Crockpot chicken curry

I love Indian food. I love curries. I love the way your house smells after you cook them.

What’s better than to come home to that smell and dinner made? Not much.

Adapted from this Pinterest recipe.


  • 2 pounds boneless, skinless chicken breasts, cut into cubes
  • 5 large carrots, peeled and diced
  • 1 medium onion, peeled and quartered
  • 1 large bell pepper, seeded and chopped
  • 2 cloves garlic, peeled
  • 5oz tomato paste
  • 14oz can light coconut milk(use full fat if you want)
  • 1 1/2 tsp salt
  • 1 1/2 tablespoons curry powder
  • 1 tablespoon garam masala
  • 1 jalapeno(I used two and it was very spicy)
  • 2 tablespoons water
  • 1 1/2 tablespoons corn starch

Place carrots in bottom or slow cooker.

Place cubed chicken on top of that.

Put everything else except the water and corn starch into the food processor. Process/blend until mostly smooth.

Pour the sauce over the chicken and carrots.

Cook on low 6-8 hours. I left it in while I was at work, which was probably closer to 10 hours.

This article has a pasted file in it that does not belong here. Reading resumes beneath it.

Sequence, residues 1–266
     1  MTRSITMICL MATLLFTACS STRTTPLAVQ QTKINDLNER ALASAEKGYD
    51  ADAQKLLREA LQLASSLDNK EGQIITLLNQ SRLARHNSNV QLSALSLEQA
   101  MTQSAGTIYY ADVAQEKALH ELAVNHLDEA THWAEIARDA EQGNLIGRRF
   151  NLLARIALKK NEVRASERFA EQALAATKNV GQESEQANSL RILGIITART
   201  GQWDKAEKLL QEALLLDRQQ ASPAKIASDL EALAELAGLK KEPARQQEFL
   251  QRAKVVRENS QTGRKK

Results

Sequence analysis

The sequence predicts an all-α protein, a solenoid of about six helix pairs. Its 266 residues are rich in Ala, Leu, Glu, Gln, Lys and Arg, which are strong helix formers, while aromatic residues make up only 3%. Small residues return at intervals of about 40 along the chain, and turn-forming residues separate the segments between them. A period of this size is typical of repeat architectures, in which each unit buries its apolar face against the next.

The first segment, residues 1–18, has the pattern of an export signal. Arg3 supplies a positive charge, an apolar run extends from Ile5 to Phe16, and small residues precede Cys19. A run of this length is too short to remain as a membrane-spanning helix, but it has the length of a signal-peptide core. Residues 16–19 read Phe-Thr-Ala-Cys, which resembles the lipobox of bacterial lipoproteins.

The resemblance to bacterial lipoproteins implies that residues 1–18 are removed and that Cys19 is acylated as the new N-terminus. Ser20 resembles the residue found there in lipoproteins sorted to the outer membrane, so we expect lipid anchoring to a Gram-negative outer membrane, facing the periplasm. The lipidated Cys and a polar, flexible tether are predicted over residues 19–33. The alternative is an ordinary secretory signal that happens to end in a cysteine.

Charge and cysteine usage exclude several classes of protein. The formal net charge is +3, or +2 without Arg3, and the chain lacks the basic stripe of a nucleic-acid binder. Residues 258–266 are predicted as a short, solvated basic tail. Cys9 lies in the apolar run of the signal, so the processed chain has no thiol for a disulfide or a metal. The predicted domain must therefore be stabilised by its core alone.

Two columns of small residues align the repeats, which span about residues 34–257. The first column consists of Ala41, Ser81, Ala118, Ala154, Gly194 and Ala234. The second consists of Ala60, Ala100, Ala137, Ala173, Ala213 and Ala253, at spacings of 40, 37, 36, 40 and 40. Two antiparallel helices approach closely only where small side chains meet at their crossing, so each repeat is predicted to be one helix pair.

When I came home, the crock pot looked less than appetizing.

I was a little worried, but I gave it a stir and it looked much, much better.

It was also much darker in color and more red than I expected. I attribute this two things. I used a red bell pepper instead of green and I used light coconut milk and the absence of the extra coconut fat could attribute to the darker color. I would like to prematurely note that the flavor is wonderful.

An hour before serving, mix water and corn starch in small bowl. Stir until corn starch is dissolved. Then add to the crock pot and stir to combine. Leave on low for one more hour, then serve. The corn starch helps to thicken up the sauce.

Serve over rice, with naan and garnish with cilantro(optional) and a dollop of plain Greek yogurt.

This curry is awesome. It’s very thick, almost like a stew. We could have eaten it without the bed of rice. I ate leftovers on naan, almost like a sandwich for lunch. I also ate leftovers on a corn tortilla, topped with an egg for breakfast.

This curry is to good it can be eaten any meal of the day.

Baked autumn samosas